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The Attorney General Opinion Process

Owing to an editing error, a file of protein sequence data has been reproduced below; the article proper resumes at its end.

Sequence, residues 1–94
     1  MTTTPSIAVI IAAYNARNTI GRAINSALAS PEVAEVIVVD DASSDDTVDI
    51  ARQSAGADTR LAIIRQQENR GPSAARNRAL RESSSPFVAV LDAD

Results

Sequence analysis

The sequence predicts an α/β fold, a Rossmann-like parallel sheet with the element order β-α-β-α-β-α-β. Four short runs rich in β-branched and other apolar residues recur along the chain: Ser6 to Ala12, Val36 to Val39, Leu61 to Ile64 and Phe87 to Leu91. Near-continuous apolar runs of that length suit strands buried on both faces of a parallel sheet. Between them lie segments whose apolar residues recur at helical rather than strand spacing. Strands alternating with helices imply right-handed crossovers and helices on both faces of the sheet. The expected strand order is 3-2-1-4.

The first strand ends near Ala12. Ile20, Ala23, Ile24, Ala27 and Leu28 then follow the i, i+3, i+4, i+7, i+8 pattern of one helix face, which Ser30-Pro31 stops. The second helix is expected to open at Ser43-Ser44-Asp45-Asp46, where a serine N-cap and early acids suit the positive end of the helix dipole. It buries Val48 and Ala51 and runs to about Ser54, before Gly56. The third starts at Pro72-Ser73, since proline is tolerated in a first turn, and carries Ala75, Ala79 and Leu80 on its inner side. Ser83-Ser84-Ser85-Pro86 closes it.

The Attorney General Opinion Process By Greg Abbott Attorney General of Texas One of my primary duties as the Attorney General is to render Attorney General Opinions. These are written interpretations of existing law. This task is part of my responsibility as legal counsel for the State of Texas. Attorney General Opinions interpret specific points of existing law and address legal issues that are ambiguous or unclear. They do not deal with questions of fact. Opinions cannot create new law, nor can they change undesirable aspects of a law. Only the state legislature can create or change Texas laws. An Attorney General Opinion does not reflect the Attorney General's personal opinion or view on a particular matter, nor is it a "ruling." It is strictly an unbiased interpretation of existing law. Although an Attorney General Opinion is advisory, it carries the weight and force of law unless or until it is modified or overruled by a statute, a judicial decision, or a subsequent Attorney General Opinion. While an Attorney General Opinion is deemed to correctly state the law, ultimate determination of a law's applicability, meaning or constitutionality is left to the courts. Opinions may only be issued to certain state and local officials as prescribed by state law. These officials are called authorized requestors and are listed in Sections 402.042 and 402.043 of the Texas Government Code. The Attorney General is prohibited from providing a legal opinion to private individuals or to public officials not specified by statute. If you are not authorized to request an Attorney General Opinion, but feel one is warranted to clarify a part of the law, you may wish to contact an authorized requestor to see if he or she would be willing to make a request on your behalf. Once an official, valid opinion request is made, the Attorney General must interpret existing law in accordance with all applicable statutes, judicial decision and the Texas and United States Constitutions. This process involves extensive legal research by the Opinions Committee, a group of lawyers on my staff. In addition to researching the law, the Committee solicits legal briefs from groups that are likely to be affected by the opinion. Comments from the general public are also welcomed. The majority of Opinions are issued within 180 days of the request, but the amount of time will vary due to the amount of research involved and the number of legal briefs received. All Attorney General Opinions are posted on our Web site at, usually within 24 hours after they are issued. Pending opinion requests are also posted. You can search opinions dating back to 1939 in the Opinions Section of our Web site. You can also use our Web site to register for automated e-mail notification of new opinions. For more information about the Opinions process, read the Opinions Section of our Web site or call (800) 252-8011. POINTS TO REMEMBER ATTORNEY GENERAL OPINIONS You can sign up for automated e-mail notification of opinions in the E-mail Subscription Section of our Web site at: Authorized requestors include: the governor the head of a department of state government the head or board of a penal institution, the head or board of an eleemosynary institution the head of a state board, a regent or trustee of a state educational institution the chair of committee of the Texas Legislature a county auditor authorized by law the chairman of the governing board of a river authority a district or county attorney Information on this and other topics is available on the Attorney General's Web site at